Dr. Joan BernhardInterview with Dr. Joan Bernhard

Why are you interested in deep sea biodiversity?

I am interested in studying the organisms living in cold seeps and those associated with gas hydrates because they are biologically adapted to what we humans perceive as "hostile" environmental conditions. Briefly, any metazoans living there should not be able to do so because the chemistry of the environment should inhibit respiration. The protists (single-celled eukaryotes) living there also are likely to have interesting adaptations, some of which may not yet have been discovered by science. In sum, I am interested in organisms living in extreme environments because some of these environments may have been the cradles of early evolution on Earth or on other planets.

At what age did you decide you wanted to become a scientist? Was your decision related to any specific event in your life at that time and if so, what was that event?

Apparently I decided to become a scientist before third grade. I vividly remember this fact because I misspelled the word "science" on a spelling test after which the teacher said to me " Well, since you want to be a scientist, you better learn how to spell the word." In addition, I have always loved the water (I grew up living on lakes and spent about every free moment in the water or in boats).

Who were your role models? Why?

I suppose one role model I had early on was a female biology teacher in high school who made learning biology fun. All other role models were college professors or research scientists I interacted with during my graduate studies.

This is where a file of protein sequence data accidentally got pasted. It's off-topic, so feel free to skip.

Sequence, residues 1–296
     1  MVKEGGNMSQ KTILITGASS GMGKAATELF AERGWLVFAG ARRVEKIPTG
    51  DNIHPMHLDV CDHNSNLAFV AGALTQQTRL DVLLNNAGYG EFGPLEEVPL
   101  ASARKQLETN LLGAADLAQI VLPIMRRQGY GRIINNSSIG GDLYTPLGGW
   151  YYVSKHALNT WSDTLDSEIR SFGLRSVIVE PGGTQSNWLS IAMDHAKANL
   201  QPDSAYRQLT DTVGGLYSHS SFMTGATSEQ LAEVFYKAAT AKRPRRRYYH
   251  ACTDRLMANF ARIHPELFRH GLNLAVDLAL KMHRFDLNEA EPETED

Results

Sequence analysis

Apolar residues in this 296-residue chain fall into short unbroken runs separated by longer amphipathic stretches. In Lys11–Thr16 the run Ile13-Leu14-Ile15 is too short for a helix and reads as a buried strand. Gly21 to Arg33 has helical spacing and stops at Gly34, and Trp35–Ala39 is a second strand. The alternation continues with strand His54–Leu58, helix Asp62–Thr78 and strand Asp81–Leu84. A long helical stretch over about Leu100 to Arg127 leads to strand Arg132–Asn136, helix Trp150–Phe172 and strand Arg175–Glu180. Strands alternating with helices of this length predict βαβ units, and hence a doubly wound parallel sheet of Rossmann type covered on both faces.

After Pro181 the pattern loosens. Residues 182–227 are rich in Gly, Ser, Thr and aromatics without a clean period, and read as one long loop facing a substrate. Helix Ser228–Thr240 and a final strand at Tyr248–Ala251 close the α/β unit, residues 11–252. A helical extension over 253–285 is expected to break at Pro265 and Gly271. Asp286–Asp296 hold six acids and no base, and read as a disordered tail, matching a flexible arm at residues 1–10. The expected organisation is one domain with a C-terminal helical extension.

Who encouraged you in your pursuit of science?

I did not need encouragement; it was obvious that science and math compelled me. I did not care much for history, English or other non-scientific fields.

What is the most fascinating thing you have ever seen in the deep sea?

Since I work primarily on microscopic organisms, I don’t see organisms that interest me until I get them on the ship. But, the most fascinating thing to me was seeing small crustaceans swarm over a freshly disturbed seafloor exposing anoxic and hydrocarbon-rich sediments. Why those crustaceans were not avoiding the supposedly toxic compounds emanating from the fresh exposure eludes me to this day. Although some larger crustaceans are known to be tolerant of hydrogen sulfide, little is known about the adaptations of the tiny organisms I observed.

How does your research affect us?

Some of what I do and what I am searching for might reveal novel things about the function of certain organelles in deep-sea organisms. Although it is too complicated to go into here, biology textbooks may have to be revised after we finish our studies on two particular types of organelles.


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